Freedom Foundation

State and unions warned not to deduct dues from workers who haven’t opted in since Janus ruling

Washington state’s governor and budget director were served notice on Tuesday that the state’s immediate response to last month’s U.S. Supreme Court landmark ruling in Janus v. AFSCME falls far short of what the law actually calls for.

In fact, according to an analysis by the Freedom Foundation, any dues or fees still being subtracted by the state from the checks of government workers on behalf of a public-sector labor union are illegal – unless the worker in question authorized the deduction in writing during the two weeks since the Janus ruling was issued on June 27.

In a press conference held on the steps of Washington’s Office of Financial Management, Freedom Foundation Litigation Attorney Hannah Sells warned the state and its union allies not to misinterpret the clear language of the decision’s author, Justice Samuel Alito.

Janus commanded several changes,” she said. “First and foremost, it held that the funding of public-sector unions must be voluntary. (It also) made clear that an agreement to pay union dues is no simple financial transaction, but rather a waiver of the worker’s Constitutionally protected First Amendment rights.”

The combination of those two provisions, Sells noted, change the whole calculus of how government unions must fund themselves from now on.

It can no longer simply be assumed that every worker wants to be a member and have dues deducted from their wages unless he or she has successfully navigated an opt-out process made as complicated as possible by their union.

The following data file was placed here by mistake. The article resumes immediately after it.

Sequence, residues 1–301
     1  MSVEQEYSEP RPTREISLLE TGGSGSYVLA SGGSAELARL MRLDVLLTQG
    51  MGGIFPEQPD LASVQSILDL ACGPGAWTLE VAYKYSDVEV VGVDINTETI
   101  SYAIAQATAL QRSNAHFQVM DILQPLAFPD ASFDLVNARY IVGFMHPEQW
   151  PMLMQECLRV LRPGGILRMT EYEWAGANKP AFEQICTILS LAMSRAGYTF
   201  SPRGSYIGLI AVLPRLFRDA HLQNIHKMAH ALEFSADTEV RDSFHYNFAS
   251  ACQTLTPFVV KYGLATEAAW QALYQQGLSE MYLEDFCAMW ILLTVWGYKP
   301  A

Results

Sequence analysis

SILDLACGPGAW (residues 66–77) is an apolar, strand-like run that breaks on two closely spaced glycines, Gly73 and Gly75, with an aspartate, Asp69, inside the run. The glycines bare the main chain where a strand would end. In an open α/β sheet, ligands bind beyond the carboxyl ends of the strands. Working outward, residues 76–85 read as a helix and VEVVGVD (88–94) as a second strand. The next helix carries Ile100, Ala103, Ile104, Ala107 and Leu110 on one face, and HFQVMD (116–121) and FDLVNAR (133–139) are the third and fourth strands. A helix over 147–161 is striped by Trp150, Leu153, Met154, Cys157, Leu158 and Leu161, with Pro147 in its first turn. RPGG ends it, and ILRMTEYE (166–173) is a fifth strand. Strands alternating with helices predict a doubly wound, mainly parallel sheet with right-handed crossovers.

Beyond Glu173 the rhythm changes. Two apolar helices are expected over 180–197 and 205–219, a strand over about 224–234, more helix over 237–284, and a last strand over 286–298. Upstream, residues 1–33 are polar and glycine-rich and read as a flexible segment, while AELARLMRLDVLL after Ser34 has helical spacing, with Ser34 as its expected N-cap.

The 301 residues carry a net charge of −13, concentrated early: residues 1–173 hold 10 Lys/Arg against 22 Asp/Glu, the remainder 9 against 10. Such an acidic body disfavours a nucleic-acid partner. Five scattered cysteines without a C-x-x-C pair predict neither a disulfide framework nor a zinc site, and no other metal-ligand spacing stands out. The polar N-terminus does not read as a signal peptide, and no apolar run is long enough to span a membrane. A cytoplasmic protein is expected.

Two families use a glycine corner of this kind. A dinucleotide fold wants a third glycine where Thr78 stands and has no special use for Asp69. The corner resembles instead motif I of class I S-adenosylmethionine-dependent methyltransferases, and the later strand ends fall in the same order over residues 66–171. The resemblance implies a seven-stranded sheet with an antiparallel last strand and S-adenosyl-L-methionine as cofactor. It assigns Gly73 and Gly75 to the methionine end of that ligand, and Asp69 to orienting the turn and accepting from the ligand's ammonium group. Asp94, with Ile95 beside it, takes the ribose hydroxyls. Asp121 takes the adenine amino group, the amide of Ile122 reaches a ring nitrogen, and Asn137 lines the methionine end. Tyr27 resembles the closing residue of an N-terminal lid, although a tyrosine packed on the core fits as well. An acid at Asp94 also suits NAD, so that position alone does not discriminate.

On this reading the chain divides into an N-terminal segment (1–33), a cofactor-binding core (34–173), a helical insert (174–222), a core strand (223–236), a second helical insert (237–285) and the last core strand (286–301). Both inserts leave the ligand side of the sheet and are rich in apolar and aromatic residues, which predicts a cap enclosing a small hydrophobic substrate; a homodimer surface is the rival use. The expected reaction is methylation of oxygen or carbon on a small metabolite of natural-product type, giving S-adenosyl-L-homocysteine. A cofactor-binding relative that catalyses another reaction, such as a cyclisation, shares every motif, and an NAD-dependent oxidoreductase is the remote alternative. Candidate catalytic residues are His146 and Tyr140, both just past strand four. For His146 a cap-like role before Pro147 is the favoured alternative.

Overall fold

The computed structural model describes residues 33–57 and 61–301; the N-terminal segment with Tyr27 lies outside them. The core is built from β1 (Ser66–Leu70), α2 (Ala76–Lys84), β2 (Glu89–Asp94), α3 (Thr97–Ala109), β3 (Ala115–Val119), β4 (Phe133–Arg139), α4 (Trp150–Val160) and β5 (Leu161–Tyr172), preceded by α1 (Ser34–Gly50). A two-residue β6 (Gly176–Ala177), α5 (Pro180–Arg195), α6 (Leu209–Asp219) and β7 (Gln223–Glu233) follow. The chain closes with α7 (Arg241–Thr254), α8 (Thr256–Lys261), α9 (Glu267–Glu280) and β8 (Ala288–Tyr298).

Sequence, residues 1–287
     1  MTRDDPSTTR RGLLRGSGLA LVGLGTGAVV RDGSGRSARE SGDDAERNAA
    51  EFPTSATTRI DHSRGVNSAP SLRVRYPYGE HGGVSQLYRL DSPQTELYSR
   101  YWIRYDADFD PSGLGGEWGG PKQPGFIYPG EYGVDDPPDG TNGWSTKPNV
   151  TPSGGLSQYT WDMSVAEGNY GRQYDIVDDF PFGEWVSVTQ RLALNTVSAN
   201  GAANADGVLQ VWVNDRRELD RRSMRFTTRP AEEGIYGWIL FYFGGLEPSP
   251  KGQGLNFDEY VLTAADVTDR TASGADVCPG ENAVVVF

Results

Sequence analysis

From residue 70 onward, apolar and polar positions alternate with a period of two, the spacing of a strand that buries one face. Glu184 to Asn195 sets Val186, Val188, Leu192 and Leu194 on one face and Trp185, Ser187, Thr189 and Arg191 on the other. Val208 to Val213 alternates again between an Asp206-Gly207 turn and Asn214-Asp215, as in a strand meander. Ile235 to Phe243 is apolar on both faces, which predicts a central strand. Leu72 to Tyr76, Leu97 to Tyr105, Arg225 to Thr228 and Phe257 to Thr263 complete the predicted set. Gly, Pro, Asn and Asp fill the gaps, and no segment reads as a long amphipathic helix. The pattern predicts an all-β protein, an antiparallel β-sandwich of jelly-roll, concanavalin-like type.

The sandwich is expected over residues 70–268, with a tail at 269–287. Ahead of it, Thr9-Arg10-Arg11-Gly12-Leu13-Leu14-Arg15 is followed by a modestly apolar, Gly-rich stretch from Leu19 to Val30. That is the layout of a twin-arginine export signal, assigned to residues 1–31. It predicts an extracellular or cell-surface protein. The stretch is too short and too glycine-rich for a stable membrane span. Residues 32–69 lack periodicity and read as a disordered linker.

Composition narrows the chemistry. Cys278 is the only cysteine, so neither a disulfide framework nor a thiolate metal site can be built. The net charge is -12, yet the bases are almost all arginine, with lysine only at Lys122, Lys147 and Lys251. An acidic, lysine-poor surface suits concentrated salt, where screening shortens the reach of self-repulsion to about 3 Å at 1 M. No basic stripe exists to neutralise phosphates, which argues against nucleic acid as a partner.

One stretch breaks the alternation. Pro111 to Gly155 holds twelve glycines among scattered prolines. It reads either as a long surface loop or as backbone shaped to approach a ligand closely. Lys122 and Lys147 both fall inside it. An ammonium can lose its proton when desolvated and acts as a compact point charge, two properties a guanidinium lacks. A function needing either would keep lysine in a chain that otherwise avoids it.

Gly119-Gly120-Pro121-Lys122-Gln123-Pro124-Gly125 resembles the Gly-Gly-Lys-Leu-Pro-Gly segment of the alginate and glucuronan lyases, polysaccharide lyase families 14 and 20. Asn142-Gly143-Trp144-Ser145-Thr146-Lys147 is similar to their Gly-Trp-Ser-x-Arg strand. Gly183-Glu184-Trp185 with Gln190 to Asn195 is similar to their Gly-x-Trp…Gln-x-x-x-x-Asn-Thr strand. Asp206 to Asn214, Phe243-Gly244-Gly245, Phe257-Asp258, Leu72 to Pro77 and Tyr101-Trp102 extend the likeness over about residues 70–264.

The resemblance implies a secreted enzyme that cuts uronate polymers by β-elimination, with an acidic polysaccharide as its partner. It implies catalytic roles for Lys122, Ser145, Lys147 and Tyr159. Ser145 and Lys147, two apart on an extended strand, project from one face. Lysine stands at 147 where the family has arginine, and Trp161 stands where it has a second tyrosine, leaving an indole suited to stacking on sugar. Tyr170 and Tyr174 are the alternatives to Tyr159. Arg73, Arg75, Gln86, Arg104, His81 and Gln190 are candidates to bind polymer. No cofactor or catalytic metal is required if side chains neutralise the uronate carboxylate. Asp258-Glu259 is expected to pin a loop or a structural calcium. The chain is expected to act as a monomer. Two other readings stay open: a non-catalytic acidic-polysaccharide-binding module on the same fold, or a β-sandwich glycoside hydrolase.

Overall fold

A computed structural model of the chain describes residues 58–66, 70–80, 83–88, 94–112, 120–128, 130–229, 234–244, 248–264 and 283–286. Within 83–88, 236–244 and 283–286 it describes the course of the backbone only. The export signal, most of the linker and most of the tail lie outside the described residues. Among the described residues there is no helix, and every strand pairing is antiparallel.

After Janus, the burden is on the union to show the worker has knowingly and affirmatively opted in.

And since it’s impossible for the workers to have knowingly waived rights that hadn’t even been enunciated prior to the Janus ruling, it follows that every membership card currently in the unions’ files is invalid unless it was signed after June 27, 2018.

“Before Janus,” Sells said, “workers were told paying dues was a prerequisite for state employment. How could an agreement made under those circumstances be knowing? How could it be clear? How could it be voluntary? It could not.”

Anticipating the Janus ruling would go against them, unions have been furiously contacting state employees for months hoping to convince as many workers as possible – often using intimidation, deception and other dubious means – to either sign or re-sign their membership cards.

But those are now worthless.

“Any membership agreement, consent form … any document purporting to give the state the authority to deduct union funding of any kind from an employee’s paycheck in invalid unless it was signed after Janus,” Sells said.

Washington State Sen. Michael Baumgartner (R-Spokane Valley), the ranking minority member on the Washington State Senate’s Labor & Commerce Committee, attended the media event, as did Rep. Brandon Vick (R-Vancouver). Both agreed with the Freedom Foundation’s interpretation of Janus and called on the state to cease all union-related payroll deductions unless the worker had knowingly and voluntarily agreed to it before the Janus ruling was issued.

Earlier in the day, Baumgartner fired off a letter to Washington Attorney General Bob Ferguson, “demand(ing) that you … immediately take action to enforce the Janus decision mandate to stop collection of union dues to workers who have not knowledgeably given a clear, written, affirmative assent. Delay tactics are unacceptable and give the impression you care more about ‘worker organizations’ than ‘worker rights.’”

Sells noted that the Freedom Foundation has a unique understanding of the Janus ruling because the organization is responsible for key elements of it. The language outlawing so-called “opt-out” schemes, in fact, was lifted almost word for word from an amicus brief filed by Freedom Foundation attorneys in support of the Janus complainant last January.

Sells said the unions could be forced to refund potentially millions in dues money improperly confiscated from public employees, and the Freedom Foundation stood willing to represent the workers.

Tuesday’s press conference was timed to coincide with the first payday for state employees post-Janus, and prior to making the announcement, the Freedom Foundation delivered letters to both Gov. Jay Inslee and OFM Director David Schumacher “… explaining the impact of Janus and what we expect – and will insist upon seeing – change in the state’s practices going forward.”

Watch the full press conference here.